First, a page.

USA V LUJAN
UNITED STATES COURT OF APPEALS FOR THE NINTH CIRCUIT
UNITED STATES OF AMERICA, Plaintiff-Appellee, v. LISA RENEE LUJAN, Defendant-Appellant.
No. 02-30237 D.C. No. CR-98-00480HA-02 OPINION
Appeal from the United States District Court for the District of Oregon Ancer L. Haggerty, District Judge, Presiding Submitted September 25, 2007* Portland, Oregon Filed October 2, 2007 Before: Ferdinand F. Fernandez, Barry G. Silverman, and Susan P. Graber, Circuit Judges. Opinion by Judge Silverman
*This panel unanimously finds this case suitable for decision without oral argument. See Fed. R. App. P. 34(a)(2).
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COUNSEL Ruben L. Iñiquez, Assistant Federal Public Defender, Portland, Oregon, for the defendant-appellant. Jonathan L. Marcus, U.S. Department of Justice, Washington, D.C., for the plaintiff-appellee. Charles L. Hobson, Criminal Justice Legal Foundation, Sacramento, California, for the amicus curiae.
OPINION SILVERMAN, Circuit Judge: Lisa Renee Lujan appeals from the district court's order authorizing the probation office to demand the collection of a blood sample as a condition of her supervised release, as mandated by the DNA Analysis Backlog Elimination Act of 2000 ("DNA Act"), 42 U.S.C. §§ 14135-14135e. She alleges that the Act violates the Fourth Amendment and the Ex Post Facto Clause, that it is an unconstitutional bill of attainder, and that it contravenes separation of powers. We reject these constitutional challenges and affirm. I. Background
On May 10, 1999, Lujan pleaded guilty to one count of aiding and abetting unarmed bank robbery, in violation of 18 U.S.C. § 2113(a), and on May 22, 2000, the district court sentenced her to 18 months' imprisonment and three years of
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supervised release. Three weeks later, on June 12, 2000, the district court granted the government's motion for a reduction of sentence pursuant to Federal Rule of Criminal Procedure 35(b), and Lujan's sentence was reduced to 12 months. The terms of Lujan's supervised release made no mention of any requirement that she submit to a DNA sample. On December 19, 2000, the DNA Act became effective. Pub. L. No. 106-546, 114 Stat. 2726. On January 28, 2002, while Lujan was on supervised release, the United States Probation Office notified her in writing that she had to provide a blood sample within 90 days. When Lujan failed to comply, the government filed a petition to revoke supervised release. The district court issued a summons for her appearance on April 10, 2002. On April 17, 2002, Lujan filed a motion opposing the required collection as a new condition of her supervised release. In a July 9, 2002, order, the district court denied the motion and ordered her to comply with the directives of the probation office or risk a possible revocation hearing. On July 29, 2002, the court stayed its order pending appeal. Lujan's appeal was held in abeyance pending the dispositions in United States v. Kincade, 379 F.3d 813 (9th Cir. 2004) (en banc), and United States v. Reynard, 473 F.3d 1008 (9th Cir. 2007), petition for cert. filed, ___ U.S.L.W. ___ (U.S. July 5, 2007) (No. 07-5195). II. Jurisdiction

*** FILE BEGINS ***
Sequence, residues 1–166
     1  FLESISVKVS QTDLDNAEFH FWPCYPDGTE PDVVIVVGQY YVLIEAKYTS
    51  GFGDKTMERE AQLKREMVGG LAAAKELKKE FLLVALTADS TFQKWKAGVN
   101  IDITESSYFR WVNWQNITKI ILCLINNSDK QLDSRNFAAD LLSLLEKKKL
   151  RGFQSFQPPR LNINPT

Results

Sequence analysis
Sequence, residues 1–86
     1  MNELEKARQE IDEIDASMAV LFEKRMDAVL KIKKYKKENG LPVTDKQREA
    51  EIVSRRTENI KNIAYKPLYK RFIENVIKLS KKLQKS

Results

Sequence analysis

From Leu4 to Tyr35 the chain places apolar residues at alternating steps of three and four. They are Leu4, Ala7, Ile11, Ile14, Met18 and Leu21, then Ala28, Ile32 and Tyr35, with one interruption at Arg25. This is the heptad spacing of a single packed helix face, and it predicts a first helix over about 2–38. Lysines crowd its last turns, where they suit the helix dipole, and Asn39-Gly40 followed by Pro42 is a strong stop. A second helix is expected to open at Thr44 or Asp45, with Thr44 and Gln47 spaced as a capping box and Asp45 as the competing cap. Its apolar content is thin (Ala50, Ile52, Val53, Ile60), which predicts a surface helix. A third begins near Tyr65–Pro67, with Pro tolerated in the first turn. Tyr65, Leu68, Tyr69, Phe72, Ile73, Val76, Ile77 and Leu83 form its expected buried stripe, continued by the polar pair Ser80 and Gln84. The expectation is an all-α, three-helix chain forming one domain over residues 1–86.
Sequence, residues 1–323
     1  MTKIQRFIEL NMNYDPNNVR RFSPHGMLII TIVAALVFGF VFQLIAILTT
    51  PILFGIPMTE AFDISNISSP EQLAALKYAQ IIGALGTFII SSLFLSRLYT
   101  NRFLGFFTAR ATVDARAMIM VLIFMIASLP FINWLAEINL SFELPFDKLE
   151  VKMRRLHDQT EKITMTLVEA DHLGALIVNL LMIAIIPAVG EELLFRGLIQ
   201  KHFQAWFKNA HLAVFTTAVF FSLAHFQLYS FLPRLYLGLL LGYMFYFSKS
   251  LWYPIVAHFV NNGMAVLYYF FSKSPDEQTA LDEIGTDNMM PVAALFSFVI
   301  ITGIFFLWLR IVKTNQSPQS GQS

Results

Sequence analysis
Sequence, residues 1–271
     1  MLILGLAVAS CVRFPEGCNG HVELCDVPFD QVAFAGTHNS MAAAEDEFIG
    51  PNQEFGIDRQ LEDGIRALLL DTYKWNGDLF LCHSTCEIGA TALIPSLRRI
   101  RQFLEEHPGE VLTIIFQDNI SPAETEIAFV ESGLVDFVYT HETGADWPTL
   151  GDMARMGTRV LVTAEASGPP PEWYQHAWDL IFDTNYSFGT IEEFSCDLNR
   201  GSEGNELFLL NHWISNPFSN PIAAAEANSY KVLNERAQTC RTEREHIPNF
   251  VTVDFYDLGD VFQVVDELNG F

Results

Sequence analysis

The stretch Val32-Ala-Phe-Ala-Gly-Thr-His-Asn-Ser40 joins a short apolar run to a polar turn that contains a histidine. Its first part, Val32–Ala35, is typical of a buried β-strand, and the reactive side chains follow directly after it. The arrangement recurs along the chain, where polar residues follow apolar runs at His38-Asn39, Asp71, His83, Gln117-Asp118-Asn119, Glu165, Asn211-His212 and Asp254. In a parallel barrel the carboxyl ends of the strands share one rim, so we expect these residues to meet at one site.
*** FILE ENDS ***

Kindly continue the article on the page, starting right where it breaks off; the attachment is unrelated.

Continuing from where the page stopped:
The district court had subject matter jurisdiction over the criminal proceeding under 18 U.S.C. § 3231. We have jurisdiction under 28 U.S.C. § 1291. III. Standard of Review
Defendant challenges the constitutionality of a federal statute--a question of law that we review de novo. United
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States v. Zakharov, 468 F.3d 1171, 1176 (9th Cir. 2006), cert. denied, 127 S. Ct. 2150 (2007). IV. Discussion
 The DNA Analysis Backlog Elimination Act authorizes the probation office to collect a DNA sample from any individual on supervised release. See 42 U.S.C. § 14135a(a)(2). Lujan challenges the Act under four different provisions of the Constitution. A. Fourth Amendment and Ex Post Facto Clause
 Lujan argues that the DNA Act constitutes a suspicionless search in violation of the Fourth Amendment and imposes a new condition on her supervised release in violation of the Ex Post Facto Clause. Our decision in Kincade disposes of the Fourth Amendment challenge. See 379 F.3d at 832 (upholding compulsory DNA collection on a "totality of the circumstances" analysis); id. at 840 (Gould, J., concurring in the judgment) (upholding DNA collection based on "special needs" doctrine). Our decision in Reynard, 473 F.3d at 1021, rejected an identical ex post facto challenge to the DNA Act after holding that the statute did not have a punitive effect. 473 F.3d at 1021. B. Bill of Attainder